The people behind the company are the biggest eye-opener. There are two. That's it. Two employees, who are the only executives, who are also the only directors. No researchers, no secretarial staff, no human resources. No independent accountability. The entire operation is run by two guys. The executive officers, since they are the directors, set their own salaries and award their own bonuses. Leo Ehrlich is the CEO, CFO, and principal accounting officer. Krishna Menon is the president and chief science officer. The "nominal" salary they pay themselves is $367,000 per year. According to the annual report, they also awarded themselves another "$1,097,416 in stock based compensation during the year ended June 30, 2012." It's hard to say what they do for that money, since there is no staff to supervise.

Krishna Menon also diverts investors' money to himself by contracting with himself: "Presently, Kard Scientific, a company controlled by Dr. Krishna Menon, President and Director, provides preclinical and manufacturing services to the Company and leases space to the Company."

These two individuals have also given themselves absolute control of the company, making any sort of activism by the common shareholder impossible. According to the recent annual report, only Class A stock is outstanding. However Menon and Ehrlich own options on Class B stock, which carries 10 votes per share:

Our Class B common stock has ten votes per share on all matters submitted to a vote of our stockholders and our Class A common stock has one vote per share on all matters submitted to a vote of our stockholders. Menon and Ehrlich each have vested options that they can exercise and convert to 18,000,000 shares of Class B common stock. That alone could result in the equivalent of 360,000,000 votes of Class A shares.

Does Leo Ehrlich, the CEO, have an impressive track record that justifies the salary he pays himself for running a company with no revenue and a going concern warning from its auditor? His previous affiliations are CFO and director of Nanoviricides (NYSEMKT:NNVC), and CEO and director of Statsure Diagnostic (OTCPK:SSUR). Both are Bulletin Board penny stocks. SSUR.PK currently trades for $0.03. NNVC.OB trades for $0.50. That appears to be the entirety of his track record.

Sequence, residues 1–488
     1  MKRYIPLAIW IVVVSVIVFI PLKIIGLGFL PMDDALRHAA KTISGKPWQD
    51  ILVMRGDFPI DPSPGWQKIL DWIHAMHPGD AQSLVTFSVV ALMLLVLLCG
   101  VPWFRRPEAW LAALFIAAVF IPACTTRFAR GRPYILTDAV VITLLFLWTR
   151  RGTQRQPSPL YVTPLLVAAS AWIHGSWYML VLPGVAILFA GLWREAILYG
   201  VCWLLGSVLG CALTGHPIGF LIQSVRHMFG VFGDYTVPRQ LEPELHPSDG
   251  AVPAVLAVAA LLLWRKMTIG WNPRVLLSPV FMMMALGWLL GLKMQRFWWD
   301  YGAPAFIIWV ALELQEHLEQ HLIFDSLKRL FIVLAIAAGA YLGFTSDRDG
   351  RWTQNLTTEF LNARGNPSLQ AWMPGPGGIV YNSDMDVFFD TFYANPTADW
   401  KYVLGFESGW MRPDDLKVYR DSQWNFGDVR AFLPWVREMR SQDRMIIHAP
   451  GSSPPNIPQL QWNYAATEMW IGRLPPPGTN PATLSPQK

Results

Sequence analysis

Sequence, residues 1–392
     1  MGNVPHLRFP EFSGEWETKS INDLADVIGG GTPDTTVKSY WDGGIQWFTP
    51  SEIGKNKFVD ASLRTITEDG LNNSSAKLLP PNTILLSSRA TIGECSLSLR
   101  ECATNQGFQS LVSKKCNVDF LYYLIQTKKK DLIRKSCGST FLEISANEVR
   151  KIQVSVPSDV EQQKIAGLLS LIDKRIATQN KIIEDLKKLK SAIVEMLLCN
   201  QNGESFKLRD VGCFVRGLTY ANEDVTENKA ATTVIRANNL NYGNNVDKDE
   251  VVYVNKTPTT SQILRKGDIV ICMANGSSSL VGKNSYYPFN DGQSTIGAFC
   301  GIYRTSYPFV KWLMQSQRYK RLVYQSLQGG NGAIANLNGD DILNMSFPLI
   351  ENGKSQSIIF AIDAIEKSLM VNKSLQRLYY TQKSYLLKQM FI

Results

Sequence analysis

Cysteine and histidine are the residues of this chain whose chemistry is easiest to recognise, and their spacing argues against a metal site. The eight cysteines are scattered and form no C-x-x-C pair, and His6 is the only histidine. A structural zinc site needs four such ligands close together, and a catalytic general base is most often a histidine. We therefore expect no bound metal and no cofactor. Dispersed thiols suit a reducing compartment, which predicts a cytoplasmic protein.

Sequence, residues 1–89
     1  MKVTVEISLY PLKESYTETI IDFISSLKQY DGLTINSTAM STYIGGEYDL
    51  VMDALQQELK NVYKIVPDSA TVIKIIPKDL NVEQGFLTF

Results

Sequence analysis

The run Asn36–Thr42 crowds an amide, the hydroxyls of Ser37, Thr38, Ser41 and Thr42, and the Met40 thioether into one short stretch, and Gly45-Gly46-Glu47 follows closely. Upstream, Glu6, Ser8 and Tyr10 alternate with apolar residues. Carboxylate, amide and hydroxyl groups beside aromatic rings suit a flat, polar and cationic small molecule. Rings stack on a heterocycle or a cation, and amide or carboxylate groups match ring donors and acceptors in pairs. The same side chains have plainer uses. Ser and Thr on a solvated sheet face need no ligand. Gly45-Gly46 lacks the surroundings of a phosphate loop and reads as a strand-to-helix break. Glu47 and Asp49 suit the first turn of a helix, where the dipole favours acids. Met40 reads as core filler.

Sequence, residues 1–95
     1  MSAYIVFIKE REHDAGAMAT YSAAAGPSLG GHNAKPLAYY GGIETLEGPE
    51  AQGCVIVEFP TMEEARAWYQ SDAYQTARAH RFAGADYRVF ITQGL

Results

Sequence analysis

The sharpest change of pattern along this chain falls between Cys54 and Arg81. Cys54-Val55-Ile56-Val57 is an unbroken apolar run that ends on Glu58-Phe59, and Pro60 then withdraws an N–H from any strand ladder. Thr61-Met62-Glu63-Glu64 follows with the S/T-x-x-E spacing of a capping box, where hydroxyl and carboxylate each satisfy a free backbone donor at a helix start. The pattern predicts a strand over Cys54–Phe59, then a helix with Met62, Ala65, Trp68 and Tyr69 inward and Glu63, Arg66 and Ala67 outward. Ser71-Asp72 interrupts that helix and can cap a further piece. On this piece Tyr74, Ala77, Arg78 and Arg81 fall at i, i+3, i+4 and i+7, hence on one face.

There are no real fundamentals to analyze, since the company has no revenue. As of September, the balance sheet showed $120,000 in current assets and $7.8 million in current liabilities. Unsurprisingly, shareholder equity is a negative $7.7 million. Since then, Aspire Capital Fund agreed to buy $10 million in stock over three years, in exchange for 336,625 "commitment" shares. Seeking Alpha contributor KarinCA published an optimistic writeup of that deal last week. Given that the company has negative working capital of $7 million and burns $5 million per year, funding of $10 million spread over three years is paltry. Particularly when there is no independent board of directors to protect shareholder interests.

Investing in highly promoted OTC penny stocks is hazardous for your financial health. Major exchanges have a few protections against insider exploitation of the common shareholder; OTC and Pink Sheet stocks have none. They are easily manipulated, and few professionals scrutinize them. Management knows that the general public isn't skilled at deciphering SEC reports. They tend to be loaded with exotic warrants, convertibles, dual-class structures, and other conflicts of interest. Kevetrin may be legitimate, of course. Figuring these things out is a chess game, but a game the common investor plays lacking a queen and both rooks. In this case, investors have to decide if a research company that employs no researchers, is run by an unproven management team with no legal accountability, and which has a going concern warning from its auditor is worth $200 million.

Source: Cellceutix: Are 2 Guys Worth $200 Million?